Part of Polk returns to worst drought level
Published 11:56 am Friday, November 14, 2008
At least part of Polk County has returned to the worst level of drought, according to the latest federal drought map.
The map indicates that the southwestern portion of Polk County is suffering &dquo;exceptional&dquo; drought, while the rest of the county is experiencing &dquo;extreme&dquo; drought, the second highest level.
Very little rain fell in the area in recent weeks, although rain is in the forecast for the next few days.
The exceptional drought area reached Clay, Jackson, Macon and Transylvania counties, along with the southern end of Henderson County.
N.C. Gov. Mike Easley is urging water conservation, noting that conditions may not improve much through the fall.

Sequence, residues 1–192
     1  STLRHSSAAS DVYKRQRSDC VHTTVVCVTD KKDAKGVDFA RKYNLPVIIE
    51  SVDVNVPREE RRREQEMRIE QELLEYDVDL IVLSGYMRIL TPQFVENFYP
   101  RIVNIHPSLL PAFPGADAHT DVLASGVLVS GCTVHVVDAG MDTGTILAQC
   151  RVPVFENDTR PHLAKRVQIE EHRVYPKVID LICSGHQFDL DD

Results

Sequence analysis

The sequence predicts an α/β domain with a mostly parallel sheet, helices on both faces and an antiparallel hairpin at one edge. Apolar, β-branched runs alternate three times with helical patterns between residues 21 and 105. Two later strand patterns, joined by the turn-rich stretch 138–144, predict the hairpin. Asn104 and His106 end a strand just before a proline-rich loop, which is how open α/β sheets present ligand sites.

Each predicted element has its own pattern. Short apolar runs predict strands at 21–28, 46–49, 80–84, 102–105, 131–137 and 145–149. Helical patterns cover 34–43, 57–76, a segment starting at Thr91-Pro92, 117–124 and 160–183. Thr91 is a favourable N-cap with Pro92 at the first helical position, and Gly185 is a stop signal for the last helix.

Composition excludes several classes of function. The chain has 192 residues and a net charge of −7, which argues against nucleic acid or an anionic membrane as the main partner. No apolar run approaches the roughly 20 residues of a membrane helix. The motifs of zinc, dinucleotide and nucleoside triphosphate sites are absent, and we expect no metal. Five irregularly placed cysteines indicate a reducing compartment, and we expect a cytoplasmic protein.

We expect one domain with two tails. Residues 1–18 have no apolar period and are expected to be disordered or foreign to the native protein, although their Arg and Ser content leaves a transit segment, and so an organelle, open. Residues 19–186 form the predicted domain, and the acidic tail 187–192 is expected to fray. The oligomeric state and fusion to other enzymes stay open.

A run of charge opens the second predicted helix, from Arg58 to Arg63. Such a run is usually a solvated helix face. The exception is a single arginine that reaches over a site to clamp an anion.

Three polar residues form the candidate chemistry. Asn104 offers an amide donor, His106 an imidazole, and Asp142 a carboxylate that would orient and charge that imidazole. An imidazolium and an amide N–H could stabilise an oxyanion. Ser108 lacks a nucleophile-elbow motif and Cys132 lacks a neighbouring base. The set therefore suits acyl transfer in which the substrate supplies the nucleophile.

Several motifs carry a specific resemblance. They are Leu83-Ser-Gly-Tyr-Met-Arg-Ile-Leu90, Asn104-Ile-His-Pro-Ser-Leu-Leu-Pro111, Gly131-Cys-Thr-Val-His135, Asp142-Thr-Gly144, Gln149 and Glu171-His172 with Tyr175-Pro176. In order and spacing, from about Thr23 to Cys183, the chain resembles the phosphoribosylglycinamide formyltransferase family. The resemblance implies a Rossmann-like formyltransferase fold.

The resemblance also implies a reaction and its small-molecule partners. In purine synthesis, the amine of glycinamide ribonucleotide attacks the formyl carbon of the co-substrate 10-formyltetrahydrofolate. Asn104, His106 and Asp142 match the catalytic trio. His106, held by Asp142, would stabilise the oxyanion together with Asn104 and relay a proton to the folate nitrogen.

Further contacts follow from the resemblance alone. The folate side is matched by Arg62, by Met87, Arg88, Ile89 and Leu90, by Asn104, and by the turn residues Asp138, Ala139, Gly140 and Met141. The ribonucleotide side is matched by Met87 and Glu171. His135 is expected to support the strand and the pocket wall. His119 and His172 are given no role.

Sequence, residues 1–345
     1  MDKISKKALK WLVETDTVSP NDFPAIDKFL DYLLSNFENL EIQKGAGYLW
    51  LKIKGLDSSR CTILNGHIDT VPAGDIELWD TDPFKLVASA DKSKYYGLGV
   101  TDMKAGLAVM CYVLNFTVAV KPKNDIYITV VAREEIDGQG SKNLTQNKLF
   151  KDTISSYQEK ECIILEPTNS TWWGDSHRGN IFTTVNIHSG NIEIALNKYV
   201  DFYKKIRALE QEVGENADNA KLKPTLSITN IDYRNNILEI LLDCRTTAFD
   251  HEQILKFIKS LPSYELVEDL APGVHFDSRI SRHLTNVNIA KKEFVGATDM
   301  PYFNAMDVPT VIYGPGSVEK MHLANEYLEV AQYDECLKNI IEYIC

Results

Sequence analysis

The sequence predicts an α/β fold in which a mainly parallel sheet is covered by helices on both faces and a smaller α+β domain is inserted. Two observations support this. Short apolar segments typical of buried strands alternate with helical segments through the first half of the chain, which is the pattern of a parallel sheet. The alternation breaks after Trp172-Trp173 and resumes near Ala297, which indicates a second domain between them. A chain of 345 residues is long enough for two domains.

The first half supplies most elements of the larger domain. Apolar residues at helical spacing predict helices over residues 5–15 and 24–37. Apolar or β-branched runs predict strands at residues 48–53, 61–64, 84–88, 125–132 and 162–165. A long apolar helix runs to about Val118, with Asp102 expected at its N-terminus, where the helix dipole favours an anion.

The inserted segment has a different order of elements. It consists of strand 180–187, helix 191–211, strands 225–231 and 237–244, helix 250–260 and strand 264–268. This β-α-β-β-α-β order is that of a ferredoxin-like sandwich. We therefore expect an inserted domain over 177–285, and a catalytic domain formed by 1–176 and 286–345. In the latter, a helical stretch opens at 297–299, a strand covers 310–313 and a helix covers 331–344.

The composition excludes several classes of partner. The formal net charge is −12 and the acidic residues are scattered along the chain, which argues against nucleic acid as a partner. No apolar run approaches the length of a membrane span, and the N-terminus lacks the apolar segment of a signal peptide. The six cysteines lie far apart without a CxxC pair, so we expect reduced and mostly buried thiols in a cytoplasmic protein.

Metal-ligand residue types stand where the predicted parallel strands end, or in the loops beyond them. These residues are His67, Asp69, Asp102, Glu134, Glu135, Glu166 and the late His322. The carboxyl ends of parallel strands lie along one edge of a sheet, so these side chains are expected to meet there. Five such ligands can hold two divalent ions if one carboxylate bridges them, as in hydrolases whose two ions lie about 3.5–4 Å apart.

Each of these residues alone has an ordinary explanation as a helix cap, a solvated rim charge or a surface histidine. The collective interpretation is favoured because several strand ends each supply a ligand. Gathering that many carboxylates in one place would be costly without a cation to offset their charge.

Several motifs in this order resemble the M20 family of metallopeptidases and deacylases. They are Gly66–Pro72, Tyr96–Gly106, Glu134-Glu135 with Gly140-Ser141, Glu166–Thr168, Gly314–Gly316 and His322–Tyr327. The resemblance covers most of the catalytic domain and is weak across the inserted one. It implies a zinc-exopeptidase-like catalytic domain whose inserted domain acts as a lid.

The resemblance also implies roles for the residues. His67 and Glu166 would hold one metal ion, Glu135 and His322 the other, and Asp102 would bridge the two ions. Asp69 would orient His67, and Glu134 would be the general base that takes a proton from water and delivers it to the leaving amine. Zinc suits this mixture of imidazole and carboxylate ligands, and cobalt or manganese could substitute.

&dquo;Autumn is usually one of our driest times of the year, so there is little chance of getting enough rain to pull these counties out of the drought before hot weather and increased water demands return next year,&dquo; Easley said.&bsp; &dquo;Conditions could get worse before they improve, so in western North Carolina especially, people should be saving water wherever they can.&dquo;
In addition to the four counties in exceptional drought, 10 counties are in extreme drought, 13 counties are in severe drought, 29 counties are in a moderate drought, 17 counties are abnormally dry and the remaining 27 counties are in no category at all. Abnormally dry conditions indicate that drought is not present but could return without adequate rainfall.
Many residents continue to heed the governor&squo;s calls for water conservation. More than 3.14 million people, or 73 percent of the people who receive water from systems the state tracks, must adhere to voluntary or mandatory water use restrictions, according to the state division of water resources. Tryon remains under mandatory water restrictions.
Much of Upstate South Carolina has remained at the exceptional drought level since this summer and the area with the worst drought conditions has expanded recently.